September 2007: Secrets of the universe's darkness
Astronomy's September issue looks at virtually empty voids between galaxies, and features an exclusive telescope buyer's guide!
July 31, 2007
July 31, 2007
Astronomy's September 2007 issue explores the mysterious intergalactic medium and much more.
WAUKESHA, WI — More than half of the ever-expanding intergalactic medium (IGM) has yet to be accounted for. But according to Astronomy contributor Bruce Dorminey's cover story, what we know may tell astronomers a lot about how galaxies formed and evolved.
Galaxies arrange themselves along the weblike filamentary structure surrounding such voids, forming clusters and superclusters of galaxies in dense knots where the filaments intersect.
"Voids fill a much larger fraction of the universe than clusters because, as the universe expands, the clusters contract while the voids grow," says astrophysicist Michael Vogeley of Drexel University in Philadelphia.
"What lurks between galaxies?" explains how astronomers are zeroing in on these next-to-nothing voids. Unveil the IGM's secrets this month in Astronomy!
Astronomy's September issue also includes the "Telescope buyer's guide" — a 20-page exclusive pullout with everything you need to know about scopes for 2008. If you're in the market for a new telescope, start here. Telescope reviewer Tom Trusock gives readers the lowdown on 39 refractors, reflectors, and compound scopes starting at just $200.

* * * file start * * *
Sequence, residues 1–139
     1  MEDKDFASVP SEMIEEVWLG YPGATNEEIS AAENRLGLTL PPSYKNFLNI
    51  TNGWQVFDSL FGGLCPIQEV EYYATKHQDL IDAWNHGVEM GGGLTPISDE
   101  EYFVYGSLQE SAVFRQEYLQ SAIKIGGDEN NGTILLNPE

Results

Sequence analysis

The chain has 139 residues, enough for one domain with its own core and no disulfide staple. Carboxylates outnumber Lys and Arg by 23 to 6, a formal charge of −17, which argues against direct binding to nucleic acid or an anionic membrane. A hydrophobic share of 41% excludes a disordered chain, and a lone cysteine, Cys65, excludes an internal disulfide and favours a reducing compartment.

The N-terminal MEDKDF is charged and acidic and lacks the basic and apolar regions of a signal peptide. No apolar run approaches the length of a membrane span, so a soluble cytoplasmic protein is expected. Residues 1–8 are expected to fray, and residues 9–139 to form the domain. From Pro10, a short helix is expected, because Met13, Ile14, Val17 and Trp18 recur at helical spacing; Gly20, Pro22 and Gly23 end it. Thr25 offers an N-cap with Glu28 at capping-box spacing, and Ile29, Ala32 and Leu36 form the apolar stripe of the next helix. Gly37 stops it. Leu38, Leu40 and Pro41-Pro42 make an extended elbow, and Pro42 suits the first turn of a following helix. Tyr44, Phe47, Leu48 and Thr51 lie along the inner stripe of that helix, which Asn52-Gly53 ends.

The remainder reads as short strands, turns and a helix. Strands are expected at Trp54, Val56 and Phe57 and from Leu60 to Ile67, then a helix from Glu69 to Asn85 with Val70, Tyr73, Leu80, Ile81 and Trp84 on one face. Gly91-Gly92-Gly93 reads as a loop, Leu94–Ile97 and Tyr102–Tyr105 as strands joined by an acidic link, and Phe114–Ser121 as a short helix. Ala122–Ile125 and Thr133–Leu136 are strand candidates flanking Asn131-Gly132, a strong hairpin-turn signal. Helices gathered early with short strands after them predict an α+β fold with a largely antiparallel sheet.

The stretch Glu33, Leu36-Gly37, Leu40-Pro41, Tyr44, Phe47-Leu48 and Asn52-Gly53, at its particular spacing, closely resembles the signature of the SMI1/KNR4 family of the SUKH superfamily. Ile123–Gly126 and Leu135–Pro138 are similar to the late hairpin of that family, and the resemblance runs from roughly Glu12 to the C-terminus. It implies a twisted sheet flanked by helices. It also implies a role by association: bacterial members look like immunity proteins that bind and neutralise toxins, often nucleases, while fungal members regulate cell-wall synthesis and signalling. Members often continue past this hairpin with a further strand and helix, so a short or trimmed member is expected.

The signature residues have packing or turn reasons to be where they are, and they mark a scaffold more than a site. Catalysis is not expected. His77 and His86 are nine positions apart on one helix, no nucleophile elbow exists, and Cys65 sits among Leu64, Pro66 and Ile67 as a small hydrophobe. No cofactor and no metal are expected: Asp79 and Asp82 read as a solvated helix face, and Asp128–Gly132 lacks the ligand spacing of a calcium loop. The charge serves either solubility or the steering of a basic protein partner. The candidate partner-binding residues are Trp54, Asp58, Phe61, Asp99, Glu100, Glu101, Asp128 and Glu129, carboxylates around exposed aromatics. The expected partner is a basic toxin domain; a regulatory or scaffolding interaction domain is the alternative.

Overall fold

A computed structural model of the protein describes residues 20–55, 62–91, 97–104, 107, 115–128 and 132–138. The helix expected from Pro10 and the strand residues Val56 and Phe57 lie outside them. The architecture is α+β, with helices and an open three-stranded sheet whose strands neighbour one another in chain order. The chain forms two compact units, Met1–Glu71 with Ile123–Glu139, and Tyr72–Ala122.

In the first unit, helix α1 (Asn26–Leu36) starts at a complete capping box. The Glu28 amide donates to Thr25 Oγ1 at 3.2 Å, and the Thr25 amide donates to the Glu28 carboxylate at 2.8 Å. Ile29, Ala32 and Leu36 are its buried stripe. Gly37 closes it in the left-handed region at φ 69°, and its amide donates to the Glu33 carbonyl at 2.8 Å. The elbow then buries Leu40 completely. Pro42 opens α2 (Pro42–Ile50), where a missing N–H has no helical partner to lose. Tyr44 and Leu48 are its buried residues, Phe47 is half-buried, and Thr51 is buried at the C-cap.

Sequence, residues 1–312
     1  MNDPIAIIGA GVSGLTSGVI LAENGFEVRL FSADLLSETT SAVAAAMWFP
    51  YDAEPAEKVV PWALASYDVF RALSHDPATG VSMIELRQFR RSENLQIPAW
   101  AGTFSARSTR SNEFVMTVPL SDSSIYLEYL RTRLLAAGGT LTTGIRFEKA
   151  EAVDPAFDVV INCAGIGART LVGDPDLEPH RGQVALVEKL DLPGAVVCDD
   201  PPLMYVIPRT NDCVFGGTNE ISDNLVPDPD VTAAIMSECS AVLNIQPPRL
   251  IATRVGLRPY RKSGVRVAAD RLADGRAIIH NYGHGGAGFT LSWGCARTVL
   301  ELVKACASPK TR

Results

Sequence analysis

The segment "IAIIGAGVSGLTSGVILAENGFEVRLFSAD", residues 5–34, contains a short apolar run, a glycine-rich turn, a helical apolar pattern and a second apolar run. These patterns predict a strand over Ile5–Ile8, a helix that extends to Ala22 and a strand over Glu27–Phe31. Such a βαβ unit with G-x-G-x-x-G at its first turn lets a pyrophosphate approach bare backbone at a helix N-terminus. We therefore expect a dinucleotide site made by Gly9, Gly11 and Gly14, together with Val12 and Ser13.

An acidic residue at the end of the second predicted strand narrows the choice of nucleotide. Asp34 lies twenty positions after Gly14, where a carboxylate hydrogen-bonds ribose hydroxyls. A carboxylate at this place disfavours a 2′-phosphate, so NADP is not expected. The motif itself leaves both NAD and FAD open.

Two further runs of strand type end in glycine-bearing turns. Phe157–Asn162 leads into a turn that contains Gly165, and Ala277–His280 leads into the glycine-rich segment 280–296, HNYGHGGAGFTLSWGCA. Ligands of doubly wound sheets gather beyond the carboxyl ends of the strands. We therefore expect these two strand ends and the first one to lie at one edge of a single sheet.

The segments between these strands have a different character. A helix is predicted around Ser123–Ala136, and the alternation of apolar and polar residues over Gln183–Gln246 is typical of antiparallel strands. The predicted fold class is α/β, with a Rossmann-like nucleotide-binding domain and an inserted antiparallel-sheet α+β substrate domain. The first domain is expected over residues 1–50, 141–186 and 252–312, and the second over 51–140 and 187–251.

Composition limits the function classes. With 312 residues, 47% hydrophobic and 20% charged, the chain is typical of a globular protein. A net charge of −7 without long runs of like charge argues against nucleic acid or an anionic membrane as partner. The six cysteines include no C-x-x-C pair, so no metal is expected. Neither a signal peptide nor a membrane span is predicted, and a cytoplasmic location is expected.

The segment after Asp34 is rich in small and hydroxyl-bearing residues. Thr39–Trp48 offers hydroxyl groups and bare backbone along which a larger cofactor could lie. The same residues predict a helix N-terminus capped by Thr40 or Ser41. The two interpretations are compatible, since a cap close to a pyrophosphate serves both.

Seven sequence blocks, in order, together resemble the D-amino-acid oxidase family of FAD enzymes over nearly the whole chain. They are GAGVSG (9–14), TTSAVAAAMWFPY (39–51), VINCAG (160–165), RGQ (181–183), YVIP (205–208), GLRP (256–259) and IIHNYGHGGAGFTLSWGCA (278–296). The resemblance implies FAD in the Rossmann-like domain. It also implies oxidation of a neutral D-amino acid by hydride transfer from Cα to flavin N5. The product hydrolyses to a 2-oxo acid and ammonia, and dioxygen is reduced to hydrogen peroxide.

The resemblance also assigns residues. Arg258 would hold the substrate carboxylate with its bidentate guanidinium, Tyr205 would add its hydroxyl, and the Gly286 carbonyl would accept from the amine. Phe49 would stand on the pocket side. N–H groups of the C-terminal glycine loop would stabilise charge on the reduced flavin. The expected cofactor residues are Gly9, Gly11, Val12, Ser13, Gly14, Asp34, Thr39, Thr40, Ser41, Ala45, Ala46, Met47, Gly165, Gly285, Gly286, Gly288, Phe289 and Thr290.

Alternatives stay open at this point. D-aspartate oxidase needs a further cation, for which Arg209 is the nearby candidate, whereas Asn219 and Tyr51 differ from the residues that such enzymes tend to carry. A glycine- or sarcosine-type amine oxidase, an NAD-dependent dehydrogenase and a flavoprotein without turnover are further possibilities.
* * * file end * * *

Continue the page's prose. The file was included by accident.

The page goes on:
The September issue of Astronomy is available now on newsstands everywhere.
"Will supernovae shine new light on dark energy?" That's the question Astronomy Contributing Editor Bob Berman asks in the September 2007 issue. Berman goes behind the scenes at Carnegie Observatories to get the scoop on an unprecedented survey of exploding stars. Join Carnegie astronomers as they unravel the riddle of dark energy in their exploration of distant galaxies from Earth's clearest skies.
Discover the Dumbbell
When French comet-hunter Charles Messier discovered the Dumbbell Nebula in 1764, he had no idea this object — one of the sky's brightest planetary nebulae — foretold our Sun's fate. Nearly 200 years later, astronomers realized our star would someday become an object similar to the Dumbbell. Raymond Shubinski, a contributing editor of Astronomy, presents this great sky showpiece in "All about the Dumbbell Nebula."
Astronomy on film
Astronomy's September 2007 issue offers readers an inside look at author and filmmaker Timothy Ferris' new film, Seeing in the Dark. Associate Editor Daniel Pendick describes Ferris' greatest challenge in filmmaking: recreating the sights, sounds, and emotions of stargazing. "Watch Ferris' film," Pendick writes, "but don't forget to look up afterward."
Also in the September 2007 Astronomy:
• "Visit your friendly neighborhood observatory" — You don't have to travel as far as you might think to get spectacular views through a telescope.
• "Meade's affordable large refractor" — The LXD75 AR-6 AT achromat delivers high-quality performance.
• The September 2007 Astronomy also includes Ask Astro, Astro news, Bob Berman's strange universe, Glenn Chaple's observing basics, Phil Harrington's binocular universe, Stephen James O'Meara's secret sky, The sky this month, New products, and Reader gallery.